Students smiled, cheered and sang along Thursday morning as an A cappella musical group performed at South Vienna School.
Cadence, a Canadian singing group, has stopped at several Clark County schools this week leading up to a performance at 7:30 p.m. Friday at the John Legend Theater. The group has performed for Project Jericho, in the Tecumseh schools and for South Vienna School. It also has performances planned in Clark-Shawnee and Northeastern schools Friday.
The vocalists are in Springfield as part of a week-long residency with the Springfield Arts Council. Ohio Arts Council grant funds support the Springfield organization’s Arts Education Residency program.
The residency fosters the development of creative skills and the growth of social capabilities of students, according to the Springfield Arts Council.
One of the four singers, Kurt Sampson, said the group visits schools in the areas where they perform to both promote their shows and to increase music education.
“It’s our passion to go into schools and inspire kids,” he said. “A lot of music programs are being cut and it’s that much more important to come in and inspire the kids that they have a voice and can sing.”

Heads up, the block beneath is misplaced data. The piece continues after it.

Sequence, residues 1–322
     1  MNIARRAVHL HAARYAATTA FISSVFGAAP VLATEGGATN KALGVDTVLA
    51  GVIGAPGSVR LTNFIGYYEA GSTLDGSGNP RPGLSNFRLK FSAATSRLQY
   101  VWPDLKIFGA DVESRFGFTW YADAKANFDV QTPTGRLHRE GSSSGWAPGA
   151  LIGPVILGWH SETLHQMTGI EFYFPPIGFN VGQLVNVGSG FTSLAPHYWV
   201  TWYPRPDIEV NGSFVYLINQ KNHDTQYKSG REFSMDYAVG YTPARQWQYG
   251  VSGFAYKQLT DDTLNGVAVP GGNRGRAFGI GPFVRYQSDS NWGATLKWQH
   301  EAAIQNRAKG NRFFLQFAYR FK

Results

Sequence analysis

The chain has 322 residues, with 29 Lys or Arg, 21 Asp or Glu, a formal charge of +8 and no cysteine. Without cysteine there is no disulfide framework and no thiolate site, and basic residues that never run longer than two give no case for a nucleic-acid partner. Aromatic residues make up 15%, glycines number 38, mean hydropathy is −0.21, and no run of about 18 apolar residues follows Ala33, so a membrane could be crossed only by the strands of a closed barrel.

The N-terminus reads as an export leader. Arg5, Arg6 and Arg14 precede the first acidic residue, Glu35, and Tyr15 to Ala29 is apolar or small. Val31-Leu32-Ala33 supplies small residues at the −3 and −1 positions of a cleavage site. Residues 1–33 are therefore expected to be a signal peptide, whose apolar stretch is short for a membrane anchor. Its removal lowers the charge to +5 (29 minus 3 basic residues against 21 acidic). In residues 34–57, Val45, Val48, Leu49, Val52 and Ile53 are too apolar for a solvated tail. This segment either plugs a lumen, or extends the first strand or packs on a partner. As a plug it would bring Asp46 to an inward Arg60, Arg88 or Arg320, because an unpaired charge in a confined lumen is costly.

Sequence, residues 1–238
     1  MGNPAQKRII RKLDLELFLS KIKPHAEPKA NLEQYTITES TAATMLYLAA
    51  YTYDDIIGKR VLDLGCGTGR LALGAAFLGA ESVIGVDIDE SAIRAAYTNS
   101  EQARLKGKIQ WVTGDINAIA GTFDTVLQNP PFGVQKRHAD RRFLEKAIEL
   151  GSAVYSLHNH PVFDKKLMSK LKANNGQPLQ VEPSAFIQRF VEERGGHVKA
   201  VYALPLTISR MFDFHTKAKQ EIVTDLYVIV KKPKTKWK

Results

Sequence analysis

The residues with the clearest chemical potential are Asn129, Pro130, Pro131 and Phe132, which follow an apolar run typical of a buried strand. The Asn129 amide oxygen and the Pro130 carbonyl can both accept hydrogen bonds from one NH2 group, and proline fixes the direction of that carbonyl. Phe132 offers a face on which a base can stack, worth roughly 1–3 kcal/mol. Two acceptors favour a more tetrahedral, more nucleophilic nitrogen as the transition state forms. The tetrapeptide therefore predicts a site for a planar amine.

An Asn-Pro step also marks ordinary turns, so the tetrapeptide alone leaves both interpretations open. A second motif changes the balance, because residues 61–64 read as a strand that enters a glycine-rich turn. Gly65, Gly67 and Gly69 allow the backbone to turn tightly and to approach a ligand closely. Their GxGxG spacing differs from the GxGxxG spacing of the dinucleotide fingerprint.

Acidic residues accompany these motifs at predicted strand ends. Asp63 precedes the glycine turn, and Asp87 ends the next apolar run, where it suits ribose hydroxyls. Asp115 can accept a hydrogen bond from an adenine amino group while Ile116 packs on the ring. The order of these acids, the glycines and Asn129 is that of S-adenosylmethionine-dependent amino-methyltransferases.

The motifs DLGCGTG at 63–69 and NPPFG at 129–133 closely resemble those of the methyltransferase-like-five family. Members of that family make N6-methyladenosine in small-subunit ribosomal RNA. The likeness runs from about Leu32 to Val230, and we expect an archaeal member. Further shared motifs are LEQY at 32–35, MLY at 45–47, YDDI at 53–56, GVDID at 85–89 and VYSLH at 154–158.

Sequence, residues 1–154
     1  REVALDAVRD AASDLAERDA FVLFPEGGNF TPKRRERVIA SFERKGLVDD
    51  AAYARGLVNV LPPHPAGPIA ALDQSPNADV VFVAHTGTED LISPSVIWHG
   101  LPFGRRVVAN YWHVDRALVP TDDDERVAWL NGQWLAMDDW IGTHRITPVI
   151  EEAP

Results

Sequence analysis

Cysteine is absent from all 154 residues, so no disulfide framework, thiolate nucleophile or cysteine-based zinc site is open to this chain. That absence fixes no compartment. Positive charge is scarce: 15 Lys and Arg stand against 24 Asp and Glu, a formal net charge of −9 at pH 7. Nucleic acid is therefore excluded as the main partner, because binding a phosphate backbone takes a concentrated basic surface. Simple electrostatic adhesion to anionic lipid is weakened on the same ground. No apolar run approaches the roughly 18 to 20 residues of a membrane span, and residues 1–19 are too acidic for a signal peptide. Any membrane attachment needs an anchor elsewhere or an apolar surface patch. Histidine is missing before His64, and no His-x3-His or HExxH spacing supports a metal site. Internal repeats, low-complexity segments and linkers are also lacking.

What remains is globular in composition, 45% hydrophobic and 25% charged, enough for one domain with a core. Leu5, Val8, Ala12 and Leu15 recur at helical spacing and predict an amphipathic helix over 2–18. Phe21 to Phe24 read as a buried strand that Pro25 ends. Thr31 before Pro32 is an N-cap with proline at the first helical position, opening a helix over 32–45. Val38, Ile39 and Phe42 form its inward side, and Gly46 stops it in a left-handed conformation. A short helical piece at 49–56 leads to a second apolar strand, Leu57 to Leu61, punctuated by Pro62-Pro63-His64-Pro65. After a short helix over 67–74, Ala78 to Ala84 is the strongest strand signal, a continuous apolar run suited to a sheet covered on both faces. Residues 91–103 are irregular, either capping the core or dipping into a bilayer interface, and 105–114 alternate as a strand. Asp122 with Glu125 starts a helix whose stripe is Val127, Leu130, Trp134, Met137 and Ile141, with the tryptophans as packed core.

Fourth grade South Vienna student Sophia Ripley said she enjoyed the music by the group.
“I think they had a lot of voice lessons,” Sophia said.
Sampson is joined by his three vocal partners Ross Lynde, David Lane and Lucas Marchard.
The kids got to experience many different types of music in the hour the group performed. The four pretended to be time travelers with a broken time machine and only the power of music would be able to power it back up. They started in the 1500s.
“We take them back to Gregorian chant all the way through the present day,” Sampson said. “The kids love it. It’s educational and it’s a lot of fun.”
On the way to present day, the group stopped in the 1700s to do Mozart, the early 1900s for blues and some jazz and the 1990s for rock and roll. They finished off with Taylor Swift hit “Shake It Off” and Pharrell Williams’ “Happy.”
Sophia said her favorite part was the modern hits.
Both modern day songs have good messages, Sampson said, and that’s important when they pick their songs.
“Our song selections are specific choices that we make that we feel are a positive influence for kids in schools,” he said.
The Friday night show isn’t geared toward kids, Sampson said. The group, which makes instrument sounds with only their voices, will have music more geared toward adults. The concert is still kid-friendly and will include jazz, older music like Eric Clapton hits and some modern songs. Tickets are $15 to $20.